Financial Operations Officer, of a Securities firm: The financial Operations Officer of a securities firm is equally responsible with the Registered Principal [see Principal, of a Securities firm], for the firm’s financial reports to the SEC and the NASD, for the accurate record-keeping of the firm’s Net Capital Account, and for all trades and customer accounts and correspondence, advertising, and sale literature issued by the company. The Financial Operations Officer must also pass the Series 27 (Financial and Operations Principal) as well as the Series 7 (General Securities Representative) Examinations conducted by the NASD; and must further pass written procedures and oral interview prior to assuming this position with the firm. Source: Michael C. Cottrell, B.A., M.S., ‘Elite Power & Capital Markets’, the thesis he submitted in partial fulfillment of the requirements for the Degree of Master of Science, The Administration of Justice Department, Mercyhurst College, Erie, PA, on 13th February 2002; NASD, ‘National Association of Securities Dealers, Inc.: Manual’, April 1998, page 3171; NASD, 'NASD Compliance Check List'.

Financial Services Modernization Act (FSMA) of 1999, also known as the Gramm-Leach Bliley Act: This Act repealed parts of the Glass-Steagall Act of 1933 and the Bank Holding Company Act of 1956. It permits commercial banks, merchant banks, securities firms and insurers to affiliate through the structure called the Financial Holding Company. Under the Act, Nationally (Federally) Chartered Banks are permitted to engage in most financial activities through Direct Subsidiaries. The FSMA permitted Financial Holding Companies to:
1: Lend;
2: Exchange;
3: Transfer;
4: Invest for others;
5: Safeguard money or securities (custodial services);
6: Engage in insurance activities, including insuring and acting as principal, agent, or broker for all types of insurance (including health), and providing financial advice (including the provision of financial advice to investment companies);
7: Issue or sell instruments representing interests in pools of assets that are permissible for a bank to hold indirectly;
8: Underwrite, deal in, or make a market in securities with no limitation as to revenue;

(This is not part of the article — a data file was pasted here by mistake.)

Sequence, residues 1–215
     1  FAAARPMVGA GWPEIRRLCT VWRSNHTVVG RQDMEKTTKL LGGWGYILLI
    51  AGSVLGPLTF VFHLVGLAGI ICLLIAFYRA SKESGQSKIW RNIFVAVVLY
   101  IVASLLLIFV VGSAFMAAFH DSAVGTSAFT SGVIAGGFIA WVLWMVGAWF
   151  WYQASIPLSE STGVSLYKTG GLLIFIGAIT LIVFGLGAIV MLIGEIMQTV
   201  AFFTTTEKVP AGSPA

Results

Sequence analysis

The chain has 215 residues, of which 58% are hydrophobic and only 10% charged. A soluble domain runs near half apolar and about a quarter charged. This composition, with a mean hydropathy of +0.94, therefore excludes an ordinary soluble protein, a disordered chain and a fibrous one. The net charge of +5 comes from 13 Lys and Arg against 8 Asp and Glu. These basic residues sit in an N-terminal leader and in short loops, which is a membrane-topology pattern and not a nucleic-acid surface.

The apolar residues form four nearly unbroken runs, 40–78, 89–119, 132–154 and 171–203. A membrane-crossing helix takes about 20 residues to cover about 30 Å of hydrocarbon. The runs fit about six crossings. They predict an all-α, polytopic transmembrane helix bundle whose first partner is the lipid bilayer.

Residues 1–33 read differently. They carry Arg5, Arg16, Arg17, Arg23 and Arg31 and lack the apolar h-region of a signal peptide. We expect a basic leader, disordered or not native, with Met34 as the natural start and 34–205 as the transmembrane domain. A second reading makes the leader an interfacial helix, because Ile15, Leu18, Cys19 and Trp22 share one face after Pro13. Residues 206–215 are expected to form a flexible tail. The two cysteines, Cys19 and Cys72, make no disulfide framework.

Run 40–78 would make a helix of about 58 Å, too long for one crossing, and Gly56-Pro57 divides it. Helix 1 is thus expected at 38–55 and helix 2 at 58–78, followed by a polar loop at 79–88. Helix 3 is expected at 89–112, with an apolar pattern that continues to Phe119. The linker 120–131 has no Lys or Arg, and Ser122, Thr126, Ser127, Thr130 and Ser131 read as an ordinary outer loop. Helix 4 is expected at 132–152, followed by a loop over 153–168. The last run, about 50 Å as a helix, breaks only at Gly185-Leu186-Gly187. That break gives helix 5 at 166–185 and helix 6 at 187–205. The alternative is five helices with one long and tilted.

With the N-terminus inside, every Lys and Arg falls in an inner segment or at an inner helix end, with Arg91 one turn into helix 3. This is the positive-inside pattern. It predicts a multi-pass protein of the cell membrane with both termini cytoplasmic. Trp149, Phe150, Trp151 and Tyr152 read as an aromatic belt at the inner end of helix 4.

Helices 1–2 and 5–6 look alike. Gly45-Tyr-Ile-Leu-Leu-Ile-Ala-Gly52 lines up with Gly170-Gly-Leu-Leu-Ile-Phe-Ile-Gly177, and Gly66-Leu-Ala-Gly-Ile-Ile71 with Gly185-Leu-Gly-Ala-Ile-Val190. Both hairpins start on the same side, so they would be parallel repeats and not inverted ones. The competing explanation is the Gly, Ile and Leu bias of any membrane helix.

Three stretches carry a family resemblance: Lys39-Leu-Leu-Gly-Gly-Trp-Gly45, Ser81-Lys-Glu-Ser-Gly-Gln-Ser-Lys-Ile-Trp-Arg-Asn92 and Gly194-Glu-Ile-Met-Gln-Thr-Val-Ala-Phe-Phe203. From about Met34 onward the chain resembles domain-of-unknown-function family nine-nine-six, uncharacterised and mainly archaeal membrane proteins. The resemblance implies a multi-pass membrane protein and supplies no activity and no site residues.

9: Engage in activities outside the United States;
10: Be seized of the following (text is verbatim here): ‘The Federal Reserve Board has determined to be usual in connection with the transaction of banking or other financial operations abroad’.
Source: John Downes and Jordan Elliot Goodman, ‘Dictionary of Finance and Investment Terms’, 7th Edition, Happauge: Barron’s Educational Series, Inc., 2006, s.v. under: ‘Financial Services Modernization Act’.

FinCEN [Financial Crimes Enforcement Network] is a bureau of the US Treasury which collects and analyses information about financial transactions in order to combat money laundering, the financing of terrorism, and other financial crimes and fraudulent finance. In line with the double-mindedness which characterises the kakocracy, almost all the senior criminalist figures identified in our reports have themselves been engaged in financing terrorism on a colossal scale.

Created in 1990, FinCEN seeks to realise the potential of critical information-sharing among law enforcement agencies and its other partners in the regulatory and financial communities. While the Financial Crimes Enforcement Network’s task is to safeguard the US financial system from abuses associated with financial crime, including the financing of terrorism, money laundering and other illicit activities, it does nothing the curb the excesses of the criminalists holding high office, who assume that the privileges and power of their offices, together with their prolific use of the ‘Black Arts’ of bribery and blackmail, protect them from the consequences of their actions.

While, therefore, FinCEN’s publicity presupposes that it thinks it is doing a good job, the record inter alia of our reports suggests the reverse. FinCEN was established by order of the Treasury Secretary (Treasury Order Numbered 105-08) on 25th April 1990. In May 1994, its responsibilities were broadened to include regulatory responsibilities, and the US Treasury’s Office of Financial Enforcement (OFE) was merged with FinCEN in October 1994. On 26th September 2002, after the passage of Title III of the USA Patriot Act, Treasury Order Numbered 180-01 [1] made FinCEN an official bureau within the Department of the Treasury.

Under Section 314(a) of the USA Patriot Act of 2001, Federal law enforcement agencies, through FinCEN, are empowered to reach out to more than 45,000 points of contact at over 27,000 financial institutions to locate bank accounts and transactions by persons that may be involved in terrorist financing and/or money laundering. This cooperative partnership between the financial community and law enforcement allows disparate items of information to be identified, centralised, and rapidly evaluated. FinCEN has its headquarters in Vienna, VA. See: www.fincen.gov [Internet].